This Friday, The Minneapolis City Council voted unanimously to begin dismantling the city's police department. The shocking move comes after weeks of massive protests against police brutality, which were sparked by the death of George Floyd.
Ultimately, the city's voters will have the final say this November through a ballot initiative.
'I hope that the Charter Commission will recognize the moment that we are in and take our offer of support, however we can provide it, to expedite this process so that voters have a chance to have their voices heard on this important question and this important moment in our city´s history,' Council President Lisa Bender said.
This does not mean that the police force will go away immediately, even if the ballot initiative passes. The measure that was introduced by the council began a year-long process where they will field different recommendations about what types of services will replace the police department. At the end of that year, there should be a workable plan, at which point, funds will be redirected from the police department towards community-based crime prevention and a new vision for law enforcement.
As a part of this process, responsibilities such as traffic stops, overdose calls, and mental health calls may be taken away from officers and handed off to other professionals. One recommendation from activists involves a smaller, more-specialized force of 'public servants' who would deal with solving violent crimes.
The council says that if they don't win the charter change on the November ballot, their next chance won't come until November 2021.
'It is time to make structural change,' Council Member Steve Fletcher said.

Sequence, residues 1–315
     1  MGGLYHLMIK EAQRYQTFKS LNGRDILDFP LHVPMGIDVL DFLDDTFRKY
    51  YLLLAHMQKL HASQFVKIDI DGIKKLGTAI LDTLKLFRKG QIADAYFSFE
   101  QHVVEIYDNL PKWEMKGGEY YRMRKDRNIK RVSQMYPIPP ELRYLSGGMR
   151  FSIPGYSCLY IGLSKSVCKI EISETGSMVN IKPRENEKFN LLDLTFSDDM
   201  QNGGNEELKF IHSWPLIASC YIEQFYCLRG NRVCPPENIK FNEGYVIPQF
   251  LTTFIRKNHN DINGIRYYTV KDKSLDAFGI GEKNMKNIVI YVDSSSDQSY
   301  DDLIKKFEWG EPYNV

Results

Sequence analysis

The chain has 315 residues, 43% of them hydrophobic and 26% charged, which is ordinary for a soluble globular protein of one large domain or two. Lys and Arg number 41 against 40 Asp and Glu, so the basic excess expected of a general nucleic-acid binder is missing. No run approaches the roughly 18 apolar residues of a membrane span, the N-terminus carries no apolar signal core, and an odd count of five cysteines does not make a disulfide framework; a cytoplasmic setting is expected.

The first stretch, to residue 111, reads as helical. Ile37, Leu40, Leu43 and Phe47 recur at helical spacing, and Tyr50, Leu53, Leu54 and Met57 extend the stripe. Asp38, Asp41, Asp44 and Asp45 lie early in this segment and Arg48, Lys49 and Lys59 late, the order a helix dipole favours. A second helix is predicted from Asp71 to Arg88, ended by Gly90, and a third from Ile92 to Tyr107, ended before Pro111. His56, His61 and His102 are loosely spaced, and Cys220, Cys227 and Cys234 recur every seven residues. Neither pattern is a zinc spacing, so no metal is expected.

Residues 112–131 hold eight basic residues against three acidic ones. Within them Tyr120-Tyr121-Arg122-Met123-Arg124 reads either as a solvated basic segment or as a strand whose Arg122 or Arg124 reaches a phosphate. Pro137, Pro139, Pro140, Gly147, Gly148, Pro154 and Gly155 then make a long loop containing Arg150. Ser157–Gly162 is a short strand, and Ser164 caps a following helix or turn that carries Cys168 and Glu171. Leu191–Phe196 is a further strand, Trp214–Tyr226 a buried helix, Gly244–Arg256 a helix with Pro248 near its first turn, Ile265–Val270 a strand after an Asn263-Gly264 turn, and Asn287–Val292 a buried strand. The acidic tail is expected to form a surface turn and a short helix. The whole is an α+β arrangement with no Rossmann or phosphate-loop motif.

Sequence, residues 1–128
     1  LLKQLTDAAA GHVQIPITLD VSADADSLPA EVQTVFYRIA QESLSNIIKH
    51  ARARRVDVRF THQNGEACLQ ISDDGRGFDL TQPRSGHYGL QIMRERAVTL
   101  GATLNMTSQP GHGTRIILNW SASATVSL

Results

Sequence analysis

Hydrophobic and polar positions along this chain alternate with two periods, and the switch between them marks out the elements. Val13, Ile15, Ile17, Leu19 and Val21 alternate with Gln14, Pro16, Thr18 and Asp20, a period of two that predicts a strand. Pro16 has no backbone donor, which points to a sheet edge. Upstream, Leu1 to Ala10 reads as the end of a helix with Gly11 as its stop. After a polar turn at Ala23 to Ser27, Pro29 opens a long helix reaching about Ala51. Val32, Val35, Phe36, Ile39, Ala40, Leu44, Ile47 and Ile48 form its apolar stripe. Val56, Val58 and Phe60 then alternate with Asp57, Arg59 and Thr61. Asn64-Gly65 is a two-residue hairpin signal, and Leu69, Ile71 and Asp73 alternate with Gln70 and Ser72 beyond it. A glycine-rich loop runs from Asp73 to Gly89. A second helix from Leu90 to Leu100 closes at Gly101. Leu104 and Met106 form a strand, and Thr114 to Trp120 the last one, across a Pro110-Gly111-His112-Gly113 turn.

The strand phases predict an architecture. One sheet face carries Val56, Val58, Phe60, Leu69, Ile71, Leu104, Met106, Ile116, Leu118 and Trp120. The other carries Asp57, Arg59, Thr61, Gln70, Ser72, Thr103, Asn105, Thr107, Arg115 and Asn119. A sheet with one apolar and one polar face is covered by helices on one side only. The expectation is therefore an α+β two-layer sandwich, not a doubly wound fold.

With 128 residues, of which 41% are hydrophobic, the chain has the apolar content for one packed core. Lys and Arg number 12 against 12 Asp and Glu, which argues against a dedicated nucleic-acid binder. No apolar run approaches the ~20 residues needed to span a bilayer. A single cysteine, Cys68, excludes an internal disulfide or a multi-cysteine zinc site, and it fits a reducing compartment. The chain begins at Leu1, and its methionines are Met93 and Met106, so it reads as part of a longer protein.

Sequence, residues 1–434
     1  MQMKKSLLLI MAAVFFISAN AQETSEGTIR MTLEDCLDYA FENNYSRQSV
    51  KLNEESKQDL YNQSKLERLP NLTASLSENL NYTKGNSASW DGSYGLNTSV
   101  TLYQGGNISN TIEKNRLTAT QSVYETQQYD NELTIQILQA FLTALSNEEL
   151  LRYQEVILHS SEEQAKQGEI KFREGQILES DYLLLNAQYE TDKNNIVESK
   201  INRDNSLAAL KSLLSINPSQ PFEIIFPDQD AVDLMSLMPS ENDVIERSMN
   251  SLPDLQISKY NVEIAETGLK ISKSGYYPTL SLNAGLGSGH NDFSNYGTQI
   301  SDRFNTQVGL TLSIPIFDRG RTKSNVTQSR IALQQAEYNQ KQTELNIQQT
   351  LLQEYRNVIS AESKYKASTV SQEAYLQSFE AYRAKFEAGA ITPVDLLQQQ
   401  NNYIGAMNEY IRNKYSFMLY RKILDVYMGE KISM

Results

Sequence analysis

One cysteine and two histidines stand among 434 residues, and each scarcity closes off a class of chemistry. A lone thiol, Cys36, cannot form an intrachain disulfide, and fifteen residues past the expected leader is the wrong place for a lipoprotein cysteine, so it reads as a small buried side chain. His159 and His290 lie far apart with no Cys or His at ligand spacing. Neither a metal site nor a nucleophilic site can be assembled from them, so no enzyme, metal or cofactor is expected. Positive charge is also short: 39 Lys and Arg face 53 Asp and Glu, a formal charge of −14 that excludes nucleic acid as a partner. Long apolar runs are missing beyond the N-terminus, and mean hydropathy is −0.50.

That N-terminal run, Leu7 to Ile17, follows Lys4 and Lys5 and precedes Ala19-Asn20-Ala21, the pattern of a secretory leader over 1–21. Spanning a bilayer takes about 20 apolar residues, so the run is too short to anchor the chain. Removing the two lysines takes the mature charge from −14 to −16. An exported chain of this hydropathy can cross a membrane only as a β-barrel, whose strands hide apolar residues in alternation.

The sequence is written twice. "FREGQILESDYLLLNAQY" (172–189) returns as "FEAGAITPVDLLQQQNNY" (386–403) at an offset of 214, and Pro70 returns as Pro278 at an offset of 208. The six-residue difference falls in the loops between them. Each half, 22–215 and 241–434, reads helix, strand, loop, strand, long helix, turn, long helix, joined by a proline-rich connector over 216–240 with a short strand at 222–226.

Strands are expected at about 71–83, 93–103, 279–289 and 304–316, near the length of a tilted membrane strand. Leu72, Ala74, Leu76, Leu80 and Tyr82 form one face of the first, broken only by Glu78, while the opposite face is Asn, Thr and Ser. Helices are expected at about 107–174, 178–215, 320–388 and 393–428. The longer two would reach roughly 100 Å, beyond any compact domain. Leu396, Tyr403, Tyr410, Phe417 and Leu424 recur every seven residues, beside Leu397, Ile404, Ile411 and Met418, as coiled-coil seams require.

'It is time to start from scratch and reinvent what public safety looks like.' he added.
Mayor Jacob Frey says that he doesn't support abolishing the department, which presents an additional challenge for council members trying to make the change.
The Minneapolis Police Department answers about four hundred thousand calls a year and does fifty thousand proactive stops a year. Among American cities with a population of over 100,000, Minneapolis is in the top twenty-five in terms of the crime rate. Occasionally, Minneapolis is in the top ten in the nation for cities with the most crime. Minneapolis made $14 million in payouts for cases of police misconduct between 2006 and 2012.
The Minnesota Department of Human Rights, an administrative agency of the state, opened a civil rights investigation into the practices of the Minneapolis Police Department on June 2. One immediate result was a consent decree with the city, passed on June 5, in which the Minneapolis City Council authorized the mayor to agree to a temporary restraining order with the State of Minnesota banning chokeholds and requiring police officers to both report and intervene against the use of excessive force by other officers, as well as banning neck restraints and the use of crowd control weapons such as tear gas and rubber bullets without permission from the police chief. Minneapolis mayor Jacob Frey then approved the order and directed these changes to go into effect immediately.